780Newbie to the group
- Mar 3, 2003Hi, I just found this list, and thought I'd introduce myself. I'm
fairly new to the whole camping in a hammock movement. I've had
hammocks for years, and used them on the back porch, or when camping,
during the day. I've always loved my hammocks.
I'd never thought of camping overnight in a hammock, though, till I
found info about it on the web this winter. What a concept! I don't
know why I never thought of sleeping the night in comfort before. It
would have made sense, I guess.
The problem is, as you guys already know, staying warm. I've read a
bit about the way folks are trying to keep warm in the hammocks at
night. I tried sleeping out two weekends ago. I set up a tent for
my boys (ages 4 and 6), and the hammock for myself.
I used a big, comfy hammock that I had bought at a boat show, of all
places. It is 1.9 oz rip-stop nylon, with the cloth extending all
the way to the ends, where hooks are attached. I bought it becouse
it's the first hammock I'd ever seen that didn't have strings to get
I covered the hammock with a 8'x10' tarp, which I tied over a center
rope. The tarp just reached the ground on either side of the
hammock. I staked it down with five stakes on the windy side,
because the weather channel predicted high winds. Boy, they were
The wind was fifteen to thirty, and I bet a couple of those gusts
were close to fifty. It rained,too, but not a great amount. In the
areas north of me, I hear there were extremely voilent storms. I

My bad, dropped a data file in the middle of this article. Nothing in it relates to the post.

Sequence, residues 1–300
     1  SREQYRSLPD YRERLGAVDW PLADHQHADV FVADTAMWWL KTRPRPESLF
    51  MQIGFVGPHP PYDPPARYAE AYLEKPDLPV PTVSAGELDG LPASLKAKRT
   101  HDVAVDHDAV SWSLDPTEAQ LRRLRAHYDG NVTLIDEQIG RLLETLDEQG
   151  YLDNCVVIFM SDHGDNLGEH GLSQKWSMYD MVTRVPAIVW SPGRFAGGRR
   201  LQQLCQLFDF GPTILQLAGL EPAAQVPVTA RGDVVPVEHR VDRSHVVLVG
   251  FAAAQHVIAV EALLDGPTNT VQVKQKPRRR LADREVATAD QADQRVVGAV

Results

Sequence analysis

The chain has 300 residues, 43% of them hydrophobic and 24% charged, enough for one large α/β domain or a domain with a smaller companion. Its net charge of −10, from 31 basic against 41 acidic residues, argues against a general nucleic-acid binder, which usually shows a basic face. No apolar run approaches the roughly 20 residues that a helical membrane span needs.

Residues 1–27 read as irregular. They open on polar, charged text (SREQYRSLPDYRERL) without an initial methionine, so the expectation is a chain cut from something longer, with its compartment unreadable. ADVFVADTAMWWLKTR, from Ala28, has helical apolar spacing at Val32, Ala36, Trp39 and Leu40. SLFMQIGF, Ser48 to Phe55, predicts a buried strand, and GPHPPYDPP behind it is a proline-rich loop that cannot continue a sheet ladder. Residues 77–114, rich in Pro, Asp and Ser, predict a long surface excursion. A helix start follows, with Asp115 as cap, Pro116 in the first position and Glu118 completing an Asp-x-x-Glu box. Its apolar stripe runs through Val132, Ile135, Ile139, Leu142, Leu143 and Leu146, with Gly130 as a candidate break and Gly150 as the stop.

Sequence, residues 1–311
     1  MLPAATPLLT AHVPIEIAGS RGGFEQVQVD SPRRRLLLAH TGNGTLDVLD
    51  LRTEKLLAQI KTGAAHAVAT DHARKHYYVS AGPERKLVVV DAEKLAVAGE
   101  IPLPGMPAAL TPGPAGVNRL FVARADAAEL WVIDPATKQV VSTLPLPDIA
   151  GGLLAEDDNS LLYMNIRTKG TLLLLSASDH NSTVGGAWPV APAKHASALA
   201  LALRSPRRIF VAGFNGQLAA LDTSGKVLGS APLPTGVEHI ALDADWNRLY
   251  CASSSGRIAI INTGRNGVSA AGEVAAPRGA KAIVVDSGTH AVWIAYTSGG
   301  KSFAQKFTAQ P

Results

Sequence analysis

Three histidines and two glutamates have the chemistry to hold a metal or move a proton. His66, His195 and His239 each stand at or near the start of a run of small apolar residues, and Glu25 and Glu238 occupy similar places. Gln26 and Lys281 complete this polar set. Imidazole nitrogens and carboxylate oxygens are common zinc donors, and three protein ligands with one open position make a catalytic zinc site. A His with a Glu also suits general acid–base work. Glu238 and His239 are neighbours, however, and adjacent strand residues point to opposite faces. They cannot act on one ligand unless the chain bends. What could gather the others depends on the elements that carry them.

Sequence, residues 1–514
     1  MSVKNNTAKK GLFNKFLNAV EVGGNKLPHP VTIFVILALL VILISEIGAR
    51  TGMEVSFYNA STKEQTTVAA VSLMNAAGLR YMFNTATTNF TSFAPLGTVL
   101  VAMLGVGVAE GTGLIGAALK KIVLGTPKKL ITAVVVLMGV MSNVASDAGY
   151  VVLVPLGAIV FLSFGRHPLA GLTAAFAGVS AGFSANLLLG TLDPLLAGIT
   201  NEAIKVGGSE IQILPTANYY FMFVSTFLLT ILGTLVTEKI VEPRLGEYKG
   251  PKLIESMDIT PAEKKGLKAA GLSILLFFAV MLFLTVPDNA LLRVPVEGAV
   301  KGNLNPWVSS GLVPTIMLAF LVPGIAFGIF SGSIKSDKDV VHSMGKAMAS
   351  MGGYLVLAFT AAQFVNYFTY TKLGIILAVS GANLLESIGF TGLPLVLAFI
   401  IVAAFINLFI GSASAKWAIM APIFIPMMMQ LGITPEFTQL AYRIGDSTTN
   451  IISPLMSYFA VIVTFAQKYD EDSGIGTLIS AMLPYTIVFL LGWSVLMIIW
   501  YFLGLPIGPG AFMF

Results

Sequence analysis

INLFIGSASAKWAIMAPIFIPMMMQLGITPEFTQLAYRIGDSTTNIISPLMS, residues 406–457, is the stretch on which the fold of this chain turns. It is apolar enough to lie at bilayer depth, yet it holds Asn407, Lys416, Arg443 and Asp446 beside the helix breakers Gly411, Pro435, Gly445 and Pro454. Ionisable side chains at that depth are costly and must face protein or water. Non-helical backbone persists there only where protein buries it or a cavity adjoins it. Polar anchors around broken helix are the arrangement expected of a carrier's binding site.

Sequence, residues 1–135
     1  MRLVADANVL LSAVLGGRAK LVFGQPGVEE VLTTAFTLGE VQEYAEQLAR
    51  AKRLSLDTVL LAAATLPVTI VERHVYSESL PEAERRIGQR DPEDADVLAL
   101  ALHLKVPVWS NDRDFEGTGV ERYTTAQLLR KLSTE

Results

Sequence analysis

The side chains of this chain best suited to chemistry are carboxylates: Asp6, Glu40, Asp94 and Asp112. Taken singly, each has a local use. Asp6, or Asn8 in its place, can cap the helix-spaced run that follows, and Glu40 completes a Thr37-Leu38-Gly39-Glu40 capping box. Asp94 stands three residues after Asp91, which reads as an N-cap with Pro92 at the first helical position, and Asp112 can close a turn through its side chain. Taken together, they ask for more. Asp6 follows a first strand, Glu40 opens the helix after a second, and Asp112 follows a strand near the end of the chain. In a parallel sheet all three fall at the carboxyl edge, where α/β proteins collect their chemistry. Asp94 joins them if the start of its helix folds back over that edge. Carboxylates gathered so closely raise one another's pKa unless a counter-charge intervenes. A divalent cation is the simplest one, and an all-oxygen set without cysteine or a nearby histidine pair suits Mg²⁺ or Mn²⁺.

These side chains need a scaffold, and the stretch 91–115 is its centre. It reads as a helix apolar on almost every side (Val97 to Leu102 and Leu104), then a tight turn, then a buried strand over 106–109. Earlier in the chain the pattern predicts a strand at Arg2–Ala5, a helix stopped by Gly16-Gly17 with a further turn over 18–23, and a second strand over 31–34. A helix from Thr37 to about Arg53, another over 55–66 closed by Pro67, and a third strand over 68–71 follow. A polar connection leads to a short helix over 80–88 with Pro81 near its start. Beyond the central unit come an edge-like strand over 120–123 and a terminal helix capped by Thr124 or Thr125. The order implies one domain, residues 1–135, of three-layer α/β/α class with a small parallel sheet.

stayed warm and dry until the wind pulled my stakes out. It was the
most eventful night I've ever spent out.
The sleeping pad thing has me puzzled, though. I used a therm-a-
rest, and a lightweight sleeping bag. Underneath, I was almost too
warm. It felt strangely like I was sleeping on a heating pad. I
don't think the sleeping bag I used was heavy enough for the night,
though. It was really a summer weight bag, only good down to 55
degrees. Since the temp dropped to about 40, I had to resort to
covering the bag with a fleese liner.
The only problem I had was whenever I moved, the darn therm-a-rest
would turn sideways. As long as I could stay on it, I was nice and
toasty, when it turned, my legs would get cold. It was also
asthetically displeasing to have the pad sticking up beside me!
Do the foam pads stay in place better? Are thin pads better at
conforming to your shape, or do you slide off of them? Would sewing
or zipping a liner onto the pad help to keep it in place?
Inquiring minds want to know!
Thanks for contributing to this body of knowledge. I'm really glad I
found you guys!
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